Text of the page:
The following upcoming events may be of interest to our readers (click on ‘continue reading’ below for full descriptions):

1) When the landlords became tenants: The 1828 Council at Fort York with the Mississauga – Sept 27, 7:30 p.m.

2)  Thought Exchange (History Matters) – Sept 28, 7 p.m.

3)  Approaching the Past: The Past through Place – Sept 30, 7 p.m.

4) CFP: History 2.0: Active History Roundtable on new media

5) This week in the Active History blogosphere!

If you have an announcement that you would like included in this weekly dispatch, please e-mail Continue reading

Sharing History Through Used Books and the Internet

      2 Comments on Sharing History Through Used Books and the Internet

Cuba Books

In honour of both the September crunch and‘s own expanding book review section — be sure to check out Mitch Primeau’s review of The Second Greatest Disappointment (1999) — I’ll be devoting this month’s post to some of my favourite used book websites.
History tends to involve a few more books than other disciplines — okay, a lot more.

This stems from the fact that all books — not just books about history — become relevant in new ways, as relics of their own time and place. That’s right: physicists and political memoirists alike can look forward to having their every miscalculation and narcissistic indulgence poured over by wave after wave of yet-born historians. But I digress… Continue reading

The e-Book Revolution

      2 Comments on The e-Book Revolution

I bought an iPad. Before you cheer or frown, let me tell you, I’m filled with an immense surge of guilt—not because my purchase left a hefty dent in my wallet, but because I have needlessly contributed to the e-Book revolution. As Thomas Hager explains,

Bottom line is stark: paper and ink books are on the way out. There, I said it. Printed books will still exist – like vinyl records still exist, in vanishingly small numbers, bought by collectors. Printed books – especially hardcovers — will become collectibles. Too many trends are working against print: (1) market economics (e-books are cheaper to produce, ship, and buy); (2) reader convenience (e-books offer immediate delivery, lower price, and bells and whistles like the ability to enlarge text); and (3) electronic infrastructure (a growing number of people are comfortable reading on little screens, they can do it on multiple devices (I just read my first book on my iPod Touch and the experience was fine), the little screens are getting better and cheaper and more attractive, the large-scale computing and communications systems are in place). And the technology just keeps getting better and cheaper. Three years ago, the first Kindle cost $399. Today’s improved version sells for half that. Eventually we’ll have screens you can roll up, put in your pocket, and unfurl as you lay on the couch, like the evening paper (but in full color, with video, web access, and no ink stains). Continue reading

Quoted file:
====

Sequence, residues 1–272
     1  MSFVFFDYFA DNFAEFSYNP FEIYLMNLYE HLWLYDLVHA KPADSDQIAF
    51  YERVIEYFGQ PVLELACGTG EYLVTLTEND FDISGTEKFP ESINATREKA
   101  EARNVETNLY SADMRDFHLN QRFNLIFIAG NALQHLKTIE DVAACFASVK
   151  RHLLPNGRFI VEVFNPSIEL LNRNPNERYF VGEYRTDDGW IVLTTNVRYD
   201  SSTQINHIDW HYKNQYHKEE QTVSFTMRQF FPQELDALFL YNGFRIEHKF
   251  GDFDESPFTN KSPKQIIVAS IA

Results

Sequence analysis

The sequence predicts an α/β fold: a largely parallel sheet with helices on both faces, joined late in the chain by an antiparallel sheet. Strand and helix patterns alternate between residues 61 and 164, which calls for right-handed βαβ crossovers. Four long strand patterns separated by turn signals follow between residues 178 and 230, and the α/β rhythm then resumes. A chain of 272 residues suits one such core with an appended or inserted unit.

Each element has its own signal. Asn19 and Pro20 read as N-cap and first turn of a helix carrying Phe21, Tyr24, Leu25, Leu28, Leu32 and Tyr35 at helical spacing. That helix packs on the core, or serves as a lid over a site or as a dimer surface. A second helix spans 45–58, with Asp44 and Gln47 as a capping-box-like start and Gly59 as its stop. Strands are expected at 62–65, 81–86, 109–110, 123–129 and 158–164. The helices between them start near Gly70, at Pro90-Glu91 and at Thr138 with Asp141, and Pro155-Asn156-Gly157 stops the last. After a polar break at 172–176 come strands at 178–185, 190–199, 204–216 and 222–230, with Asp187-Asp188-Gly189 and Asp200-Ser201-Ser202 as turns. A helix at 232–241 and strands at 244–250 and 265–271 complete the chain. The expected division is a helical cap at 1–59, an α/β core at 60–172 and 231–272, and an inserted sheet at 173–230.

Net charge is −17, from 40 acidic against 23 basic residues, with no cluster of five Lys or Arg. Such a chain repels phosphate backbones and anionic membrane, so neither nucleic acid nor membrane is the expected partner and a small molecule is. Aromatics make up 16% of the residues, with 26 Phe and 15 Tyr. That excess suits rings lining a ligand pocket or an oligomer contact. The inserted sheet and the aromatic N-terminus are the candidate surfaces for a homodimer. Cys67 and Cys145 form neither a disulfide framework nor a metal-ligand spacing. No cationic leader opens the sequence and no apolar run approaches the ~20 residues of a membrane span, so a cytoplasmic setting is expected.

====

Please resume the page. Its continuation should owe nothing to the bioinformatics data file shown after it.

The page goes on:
Reflection: 9/11

      1 Comment on Reflection: 9/11

Photo Credit: Chad FurrowToday I write this on 12 September 2010, one day after 11 September 2010, and 9 years after 11 September 2001. In the midst of my first year of living in New York City, this date has caused me special occasion to pause and to take note of the nine year anniversary as I get to know the neighbourhoods and residents of this city. While the events of 11 September obviously had a global impact, the people of New York City have a special relationship to this date and they choose to commemorate it in a myriad of ways. This past Saturday witnessed a number of memorial services at churches, firehouses and an official ceremony at Zuccotti Park near the WTC site. There were also many other events across the city including poetry readings and a floating lantern ceremony at the Hudson River put on by New York’s Buddhist community. Many of these ceremonies were inter-faith and all welcoming, a message that may have been overlooked by a media more closely focused on the controversy over the proposed Islamic center blocks away from Ground Zero. Continue reading

2010 is Year of the British Home Child in Canada but Some Descendants Want More from Ottawa

“British immigrant children from Dr. Bernardo’s Homes at landing stage, Saint John, N.B.”, n.d., photo by Isaac Erb, Library and Archives Canada, MIKAN no. 3193366. Copy of an official work published by the Government of Canada, not produced in affiliation with, or with the endorsement of the Government of Canada

The Government of Canada has declared 2010 to be the Year of the British Home Child.  Earlier this month, Canada Post released a commemorative stamp to honour this recognition.

The stamp, designed by Debbie Adams of Adams+Associates Design Consultants, contains three images: the SS Sardinian, on which home children migrated from Britain to Canada; a photograph of a home child engaged in farm labour; a portrait of a newly-arrived boy passing through Halifax en route to Hamilton.  The young boy, looking directly at the camera and whose image is enclosed by a metal frame, emerges as the main focus of the stamp.  Such a visual device is intentional, as Adams notes that the frame represents the “relationships” home children developed in Canada: “It shows that someone cared enough about this child to preserve and display his image.” Continue reading